Sponsored by the Forensic Engineering Division (FED) and the Forensic Practice Committee (FPC)

Session Description

Forensic engineering investigating a failure 
On February 8, 2024 at the University of Texas, Austin, the topic of the Panel Discussion was "The Duty to Warn." Six ASCE Forensic Practice Committee Member panelists with forensic engineering and expert witness experience engaged in a discussion concerning the topic, our perceptions of how it is understood by engineers and by the general public, and how it relates to the professional responsibilities of engineers.


The discussion included several specific scenarios intended to elicit participation from the audience and provide guidance regarding what a reasonable engineers responsibility is regarding the Duty to Warn. The discussion included example state laws regarding the subject and their applicability. There was ample time to answer questions and respond to comments from attendees.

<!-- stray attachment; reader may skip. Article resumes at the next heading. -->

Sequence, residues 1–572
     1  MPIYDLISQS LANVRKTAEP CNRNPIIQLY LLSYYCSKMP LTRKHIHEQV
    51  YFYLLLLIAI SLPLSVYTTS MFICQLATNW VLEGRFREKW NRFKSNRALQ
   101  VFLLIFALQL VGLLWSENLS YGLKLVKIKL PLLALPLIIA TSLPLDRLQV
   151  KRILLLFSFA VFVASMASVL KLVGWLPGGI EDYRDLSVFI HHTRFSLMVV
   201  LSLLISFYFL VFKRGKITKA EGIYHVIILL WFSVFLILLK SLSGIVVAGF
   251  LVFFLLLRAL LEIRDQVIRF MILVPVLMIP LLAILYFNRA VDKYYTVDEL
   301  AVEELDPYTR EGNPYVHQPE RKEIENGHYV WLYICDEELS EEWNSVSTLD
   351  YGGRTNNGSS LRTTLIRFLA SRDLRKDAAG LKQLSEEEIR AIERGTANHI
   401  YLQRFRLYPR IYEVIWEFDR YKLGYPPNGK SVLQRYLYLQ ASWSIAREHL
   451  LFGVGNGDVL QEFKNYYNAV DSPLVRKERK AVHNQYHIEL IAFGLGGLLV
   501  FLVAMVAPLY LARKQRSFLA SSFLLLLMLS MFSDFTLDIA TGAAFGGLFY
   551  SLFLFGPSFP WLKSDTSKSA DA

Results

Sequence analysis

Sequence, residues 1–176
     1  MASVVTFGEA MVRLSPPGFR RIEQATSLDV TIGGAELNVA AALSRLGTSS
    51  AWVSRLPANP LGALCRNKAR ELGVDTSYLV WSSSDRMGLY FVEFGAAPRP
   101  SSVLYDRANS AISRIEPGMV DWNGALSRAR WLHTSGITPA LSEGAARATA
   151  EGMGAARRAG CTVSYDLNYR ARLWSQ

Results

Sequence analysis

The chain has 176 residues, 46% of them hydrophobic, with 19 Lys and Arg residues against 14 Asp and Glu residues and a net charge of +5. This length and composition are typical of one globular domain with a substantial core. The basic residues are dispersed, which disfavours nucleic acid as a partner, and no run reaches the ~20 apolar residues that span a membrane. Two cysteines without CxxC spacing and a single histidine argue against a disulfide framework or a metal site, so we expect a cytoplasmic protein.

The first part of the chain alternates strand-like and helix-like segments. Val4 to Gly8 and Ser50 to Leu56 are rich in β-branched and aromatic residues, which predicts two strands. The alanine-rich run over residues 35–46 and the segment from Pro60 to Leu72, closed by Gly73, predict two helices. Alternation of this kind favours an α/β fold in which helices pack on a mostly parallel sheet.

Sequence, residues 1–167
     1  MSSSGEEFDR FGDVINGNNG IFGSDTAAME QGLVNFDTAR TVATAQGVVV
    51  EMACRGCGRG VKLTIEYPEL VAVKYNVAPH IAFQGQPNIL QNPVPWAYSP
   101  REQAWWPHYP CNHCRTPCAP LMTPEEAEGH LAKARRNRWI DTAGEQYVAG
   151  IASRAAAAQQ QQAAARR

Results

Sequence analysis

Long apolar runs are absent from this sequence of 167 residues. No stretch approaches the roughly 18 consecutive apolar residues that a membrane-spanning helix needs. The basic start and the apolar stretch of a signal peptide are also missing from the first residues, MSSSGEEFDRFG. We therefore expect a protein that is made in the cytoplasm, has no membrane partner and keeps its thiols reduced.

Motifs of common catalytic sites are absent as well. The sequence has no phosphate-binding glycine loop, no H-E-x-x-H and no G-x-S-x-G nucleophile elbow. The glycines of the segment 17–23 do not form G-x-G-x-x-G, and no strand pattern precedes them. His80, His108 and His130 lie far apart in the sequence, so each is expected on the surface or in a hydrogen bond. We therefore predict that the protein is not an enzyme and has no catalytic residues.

The "Duty to Warn" is a term engineers may be aware of, but many do not understand what it means; when and to whom to direct a warning, what is an acceptable warning, or how it may affect their practice. A clear understanding of the Duty to Warn can help an engineer avoid or defend against claims of professional negligence which may result in censure, licensure issues, loss of clients, loss of position, or litigation - all possibly arising from one's unknowing deviation from established norms or local regulations.

The Panel

Attendees to the panel discussion learned what the concept of "Duty to Warn" is, what obligation an engineer has regarding duty to warn, and how, why, where, and to whom to direct a warning. Beyond the duty to warn, there was a discussion on what constitutes an adequate warning.